Blanco’s peculiar move gives Astros viable rotation option
JUPITER, Fla. -- There aren’t many position battles this spring in Astros camp, where the 2022 World Series champions are counting on many returning regulars in their attempt to defend their title. But that doesn’t mean certain individuals aren’t emerging with a chance to contribute in a big way in '23.
Take, for example, right-hander Ronel Blanco, whose transition into a starter continued swimmingly in Thursday’s 3-0 win over the Cardinals at Roger Dean Chevrolet Stadium. Stretching out to 50 pitches (35 strikes) across 3 1/3 scoreless innings, Blanco struck out five in his first Grapefruit League start as part of the Astros’ search for in-house rotation depth.
Through five appearances this spring, Blanco owns a 0.82 ERA and 14 strikeouts across 11 innings.
“[The opportunity to start] definitely took me by surprise, but it's something I’ve adjusted to mentally,” Blanco said through a team translator. “The focus has been to stay inside the strike zone and be able to execute my pitches there.”
Even after losing Justin Verlander to free agency, the Astros project to have one of the most complete starting rotations in baseball, with Framber Valdez and Cristian Javier leading a group that also consists of José Urquidy, Luis Garcia and Hunter Brown, Houston’s No. 1 prospect per MLB Pipeline. Beyond that, though, the picture gets murkier, especially with Lance McCullers Jr. on the shelf with a right elbow strain that will sideline him past Opening Day.
Behind that group is Brandon Bielak, who is likely to begin the year at Triple-A Sugar Land. And then … question marks. No. 25 prospect Shawn Dubin and No. 21 prospect Forrest Whitley are on the 40-man roster with no prior big league experience, and J.P. France, who was added to the 40-man roster in November, is behind schedule this spring with an unspecified injury.
The Astros know they’ll need more depth, especially in a time when even the best teams utilize more than five starters over the course of a long season (Houston used eight in 2022; every team in the Majors used at least eight).
“We can afford to experiment, but for how long?” manager Dusty Baker said. “You have to find out during Spring Training here.”
In Blanco, the Astros see a potential solution. Though he’s been a traditional reliever the past four seasons, the 29-year-old has a starter’s background, having thrown 88 innings across 23 appearances (11 starts) as recently as 2017.
A late bloomer who signed as a 22-year-old in 2016, Blanco pitched to a 3.51 ERA with 115 strikeouts in 89 2/3 innings over the past two seasons in Triple-A, largely without a clear path to the big leagues. He debuted last April and went on to make eight big league appearances, then he arrived at camp this spring as a reliever before catching the eye of new Astros GM Dana Brown. When McCullers’ injury created the need for additional depth, the process to stretch Blanco out began.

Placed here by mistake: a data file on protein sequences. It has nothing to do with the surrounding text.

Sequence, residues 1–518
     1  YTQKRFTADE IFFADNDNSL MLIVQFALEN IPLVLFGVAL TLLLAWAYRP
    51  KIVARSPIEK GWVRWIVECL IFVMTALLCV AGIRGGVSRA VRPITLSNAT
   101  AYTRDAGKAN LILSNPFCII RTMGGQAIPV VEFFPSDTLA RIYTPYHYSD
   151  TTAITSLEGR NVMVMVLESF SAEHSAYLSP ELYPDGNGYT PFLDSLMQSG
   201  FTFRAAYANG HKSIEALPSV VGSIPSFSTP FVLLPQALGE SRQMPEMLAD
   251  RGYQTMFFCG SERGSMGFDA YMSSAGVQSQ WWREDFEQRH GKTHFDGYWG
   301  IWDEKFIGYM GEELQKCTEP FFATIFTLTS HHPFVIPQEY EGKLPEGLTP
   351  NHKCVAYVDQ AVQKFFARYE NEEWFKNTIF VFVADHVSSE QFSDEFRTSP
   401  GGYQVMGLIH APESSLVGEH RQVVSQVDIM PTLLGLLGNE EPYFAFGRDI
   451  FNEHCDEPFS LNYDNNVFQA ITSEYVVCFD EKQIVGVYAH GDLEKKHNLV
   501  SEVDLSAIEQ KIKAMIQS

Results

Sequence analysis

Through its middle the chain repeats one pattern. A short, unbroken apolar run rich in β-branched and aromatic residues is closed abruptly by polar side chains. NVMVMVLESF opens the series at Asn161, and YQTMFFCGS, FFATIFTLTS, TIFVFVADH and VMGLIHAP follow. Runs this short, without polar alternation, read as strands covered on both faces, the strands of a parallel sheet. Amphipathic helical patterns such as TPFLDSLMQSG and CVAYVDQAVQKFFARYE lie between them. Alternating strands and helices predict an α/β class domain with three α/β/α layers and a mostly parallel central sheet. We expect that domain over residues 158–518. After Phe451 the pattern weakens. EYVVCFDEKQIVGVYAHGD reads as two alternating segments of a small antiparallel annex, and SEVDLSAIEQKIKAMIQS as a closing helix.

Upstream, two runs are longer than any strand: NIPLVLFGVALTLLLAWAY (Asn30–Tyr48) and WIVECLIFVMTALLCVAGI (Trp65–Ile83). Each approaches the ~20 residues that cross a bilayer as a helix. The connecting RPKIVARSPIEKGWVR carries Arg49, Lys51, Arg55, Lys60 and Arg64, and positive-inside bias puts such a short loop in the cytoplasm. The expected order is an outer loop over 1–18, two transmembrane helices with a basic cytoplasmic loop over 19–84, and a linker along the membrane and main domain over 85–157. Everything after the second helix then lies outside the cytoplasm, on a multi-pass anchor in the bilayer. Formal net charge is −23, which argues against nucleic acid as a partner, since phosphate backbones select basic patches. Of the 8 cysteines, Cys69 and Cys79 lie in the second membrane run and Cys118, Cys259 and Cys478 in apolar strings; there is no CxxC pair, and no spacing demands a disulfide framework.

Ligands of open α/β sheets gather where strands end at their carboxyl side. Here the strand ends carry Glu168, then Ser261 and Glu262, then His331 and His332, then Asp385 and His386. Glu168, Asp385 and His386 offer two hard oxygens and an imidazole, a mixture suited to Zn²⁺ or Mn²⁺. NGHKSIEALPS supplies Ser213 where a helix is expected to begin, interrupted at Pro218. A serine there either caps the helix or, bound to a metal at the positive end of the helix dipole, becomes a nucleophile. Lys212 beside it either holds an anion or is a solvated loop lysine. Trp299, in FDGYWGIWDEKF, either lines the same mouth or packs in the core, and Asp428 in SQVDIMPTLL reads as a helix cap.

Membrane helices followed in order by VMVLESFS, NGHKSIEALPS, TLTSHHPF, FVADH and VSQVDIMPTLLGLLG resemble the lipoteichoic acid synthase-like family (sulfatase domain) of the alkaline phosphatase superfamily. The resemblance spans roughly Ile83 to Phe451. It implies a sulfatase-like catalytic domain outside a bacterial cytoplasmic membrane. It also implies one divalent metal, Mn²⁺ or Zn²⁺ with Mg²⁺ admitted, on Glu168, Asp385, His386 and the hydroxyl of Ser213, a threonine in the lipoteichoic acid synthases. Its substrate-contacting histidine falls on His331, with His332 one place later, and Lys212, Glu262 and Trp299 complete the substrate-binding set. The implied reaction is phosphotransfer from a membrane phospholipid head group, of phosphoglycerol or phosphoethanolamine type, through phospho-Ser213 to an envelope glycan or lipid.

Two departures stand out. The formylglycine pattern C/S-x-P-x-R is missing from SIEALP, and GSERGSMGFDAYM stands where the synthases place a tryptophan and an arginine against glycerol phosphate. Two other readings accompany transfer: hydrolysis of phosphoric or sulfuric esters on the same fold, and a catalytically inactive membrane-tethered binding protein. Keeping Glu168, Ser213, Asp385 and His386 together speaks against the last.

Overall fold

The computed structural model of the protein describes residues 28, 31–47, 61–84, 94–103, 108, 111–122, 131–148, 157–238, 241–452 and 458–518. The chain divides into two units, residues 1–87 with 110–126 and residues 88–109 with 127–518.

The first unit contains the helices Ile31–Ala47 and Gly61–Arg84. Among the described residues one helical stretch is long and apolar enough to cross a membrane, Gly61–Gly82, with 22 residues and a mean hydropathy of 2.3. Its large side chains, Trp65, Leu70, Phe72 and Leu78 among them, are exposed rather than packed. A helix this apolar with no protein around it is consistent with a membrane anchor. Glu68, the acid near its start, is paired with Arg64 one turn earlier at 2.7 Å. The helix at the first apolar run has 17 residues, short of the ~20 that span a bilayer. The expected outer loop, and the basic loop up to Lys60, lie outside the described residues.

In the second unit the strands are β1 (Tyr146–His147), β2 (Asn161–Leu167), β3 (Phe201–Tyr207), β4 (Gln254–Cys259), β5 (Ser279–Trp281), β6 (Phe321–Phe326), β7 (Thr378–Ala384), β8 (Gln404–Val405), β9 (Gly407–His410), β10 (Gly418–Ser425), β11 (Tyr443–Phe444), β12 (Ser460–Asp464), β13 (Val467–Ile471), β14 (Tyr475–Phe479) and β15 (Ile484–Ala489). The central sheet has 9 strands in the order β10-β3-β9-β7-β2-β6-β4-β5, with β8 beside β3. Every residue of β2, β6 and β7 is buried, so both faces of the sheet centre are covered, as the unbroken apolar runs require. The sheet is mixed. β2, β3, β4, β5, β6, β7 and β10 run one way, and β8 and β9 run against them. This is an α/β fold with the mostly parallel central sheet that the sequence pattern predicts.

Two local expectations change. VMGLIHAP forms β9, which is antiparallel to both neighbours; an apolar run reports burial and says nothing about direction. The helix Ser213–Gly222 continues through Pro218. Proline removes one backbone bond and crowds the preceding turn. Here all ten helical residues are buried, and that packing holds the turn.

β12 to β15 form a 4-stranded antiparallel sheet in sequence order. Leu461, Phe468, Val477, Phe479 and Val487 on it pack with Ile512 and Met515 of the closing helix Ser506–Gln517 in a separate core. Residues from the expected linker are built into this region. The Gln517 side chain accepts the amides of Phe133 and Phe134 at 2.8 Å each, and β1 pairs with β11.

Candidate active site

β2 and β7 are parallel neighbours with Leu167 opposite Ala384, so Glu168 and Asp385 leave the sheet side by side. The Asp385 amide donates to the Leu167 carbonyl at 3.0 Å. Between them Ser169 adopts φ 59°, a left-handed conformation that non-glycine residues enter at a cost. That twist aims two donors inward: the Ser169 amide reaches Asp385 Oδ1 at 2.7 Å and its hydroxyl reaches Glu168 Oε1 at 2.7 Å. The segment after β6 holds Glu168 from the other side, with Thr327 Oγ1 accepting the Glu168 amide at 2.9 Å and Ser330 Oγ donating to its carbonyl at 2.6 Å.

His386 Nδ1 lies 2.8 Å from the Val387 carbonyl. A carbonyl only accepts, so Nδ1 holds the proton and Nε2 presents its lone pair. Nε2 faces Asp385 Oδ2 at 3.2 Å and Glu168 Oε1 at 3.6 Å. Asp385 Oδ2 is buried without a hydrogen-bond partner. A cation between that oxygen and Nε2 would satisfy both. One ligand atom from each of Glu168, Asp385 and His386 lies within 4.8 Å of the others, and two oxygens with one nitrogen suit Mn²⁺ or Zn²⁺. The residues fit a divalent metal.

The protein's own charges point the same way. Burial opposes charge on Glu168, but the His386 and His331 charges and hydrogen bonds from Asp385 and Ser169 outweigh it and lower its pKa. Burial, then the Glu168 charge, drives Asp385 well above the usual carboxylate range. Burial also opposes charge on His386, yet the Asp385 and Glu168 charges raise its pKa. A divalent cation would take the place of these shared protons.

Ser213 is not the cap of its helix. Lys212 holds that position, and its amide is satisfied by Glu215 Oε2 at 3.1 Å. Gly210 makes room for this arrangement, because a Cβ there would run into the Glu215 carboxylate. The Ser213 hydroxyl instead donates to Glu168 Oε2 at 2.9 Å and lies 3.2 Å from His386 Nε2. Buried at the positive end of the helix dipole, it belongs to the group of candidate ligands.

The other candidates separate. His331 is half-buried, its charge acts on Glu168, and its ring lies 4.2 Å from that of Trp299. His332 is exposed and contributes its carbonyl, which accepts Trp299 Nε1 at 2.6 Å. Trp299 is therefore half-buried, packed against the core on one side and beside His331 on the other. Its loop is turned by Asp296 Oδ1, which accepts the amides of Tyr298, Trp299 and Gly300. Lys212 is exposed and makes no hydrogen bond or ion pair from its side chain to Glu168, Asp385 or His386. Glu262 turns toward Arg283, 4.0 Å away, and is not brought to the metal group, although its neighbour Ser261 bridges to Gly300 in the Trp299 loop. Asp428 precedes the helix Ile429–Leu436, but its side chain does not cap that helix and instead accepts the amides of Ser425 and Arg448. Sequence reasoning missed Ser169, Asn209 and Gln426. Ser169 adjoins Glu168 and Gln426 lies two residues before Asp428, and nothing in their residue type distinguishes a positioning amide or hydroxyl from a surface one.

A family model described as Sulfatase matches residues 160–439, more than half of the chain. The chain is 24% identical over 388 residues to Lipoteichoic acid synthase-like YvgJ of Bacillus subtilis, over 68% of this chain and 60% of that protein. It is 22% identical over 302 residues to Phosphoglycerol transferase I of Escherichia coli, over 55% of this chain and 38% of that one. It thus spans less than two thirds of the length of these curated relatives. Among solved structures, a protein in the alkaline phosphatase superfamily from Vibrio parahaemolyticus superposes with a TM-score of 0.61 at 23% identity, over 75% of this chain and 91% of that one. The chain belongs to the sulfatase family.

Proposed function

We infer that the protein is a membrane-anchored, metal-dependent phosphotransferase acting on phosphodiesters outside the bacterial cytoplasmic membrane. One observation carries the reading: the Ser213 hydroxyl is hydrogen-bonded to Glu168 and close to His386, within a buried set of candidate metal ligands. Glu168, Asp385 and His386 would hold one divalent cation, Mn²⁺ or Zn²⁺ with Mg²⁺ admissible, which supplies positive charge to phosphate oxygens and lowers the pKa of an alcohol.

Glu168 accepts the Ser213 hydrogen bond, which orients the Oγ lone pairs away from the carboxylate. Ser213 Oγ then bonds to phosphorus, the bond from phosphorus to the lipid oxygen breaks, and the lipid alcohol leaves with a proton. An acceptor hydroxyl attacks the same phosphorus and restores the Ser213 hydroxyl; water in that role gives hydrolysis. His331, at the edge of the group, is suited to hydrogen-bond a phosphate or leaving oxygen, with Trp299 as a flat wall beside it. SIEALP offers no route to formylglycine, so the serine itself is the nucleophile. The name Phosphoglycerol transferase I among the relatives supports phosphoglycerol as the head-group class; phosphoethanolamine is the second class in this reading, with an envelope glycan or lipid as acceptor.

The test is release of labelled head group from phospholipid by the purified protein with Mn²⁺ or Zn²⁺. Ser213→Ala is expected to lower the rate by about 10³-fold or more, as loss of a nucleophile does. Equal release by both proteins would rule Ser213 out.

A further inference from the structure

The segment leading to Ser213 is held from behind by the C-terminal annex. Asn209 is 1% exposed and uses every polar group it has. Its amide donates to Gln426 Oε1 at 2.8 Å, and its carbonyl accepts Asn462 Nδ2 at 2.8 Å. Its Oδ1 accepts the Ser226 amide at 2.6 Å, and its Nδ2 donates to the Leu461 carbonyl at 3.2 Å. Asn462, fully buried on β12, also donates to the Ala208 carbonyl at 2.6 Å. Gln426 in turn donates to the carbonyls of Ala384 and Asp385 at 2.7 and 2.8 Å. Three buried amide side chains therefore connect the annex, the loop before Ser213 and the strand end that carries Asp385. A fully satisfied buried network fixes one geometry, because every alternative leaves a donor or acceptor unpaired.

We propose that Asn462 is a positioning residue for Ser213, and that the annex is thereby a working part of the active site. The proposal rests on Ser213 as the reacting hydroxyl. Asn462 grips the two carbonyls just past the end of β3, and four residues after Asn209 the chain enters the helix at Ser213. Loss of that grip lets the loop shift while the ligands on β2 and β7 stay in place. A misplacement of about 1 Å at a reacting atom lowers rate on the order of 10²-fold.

“It was the organization’s decision to possibly make him a starter, out of possible need,” Baker said. “I’ve seen a few guys do it. Most guys go the other way.”
By way of example, Baker pointed to former 20-game winner Russ Ortiz, whom he managed in San Francisco. Ortiz closed games in college before morphing into a durable and successful big league starter, going 113-89 with a 4.51 ERA over 12 seasons (including one with Houston). The examples of starters transitioning to the 'pen, by comparison, are endless.
“A lot of it depends on your physical and mental strength, because when you’ve only got to go one inning or two innings, it’s a whole different outlook on things,” Baker said. “But when you have to go out there multiple innings and every inning is a new inning that could possibly control the outcome of the game, that’s a totally different animal. So that part we don’t know.”
So far, so good. Blanco’s fastball lived in the low-to-mid-90s on Thursday, and the natural extension he gets (94th percentile, per Statcast) should allow it to continue to play up. Starting also allows him to utilize both his slider and curveball in addition to his changeup, which shorter relief stints didn’t always permit. The plan is for Blanco to throw around 60 pitches next time out.
“I think he’s throwing well so far,” Brown recently told MLB.com’s Brian McTaggart. “He’s building up the innings. We’ll keep doing it. As I said before, if it doesn’t work, we’re going to end up having a guy that can go multiple innings as opposed to just one. I think it’s a win-win situation with him. He could be a shot in the arm that we need, in terms of starting pitching depth. That’s what my hope is.”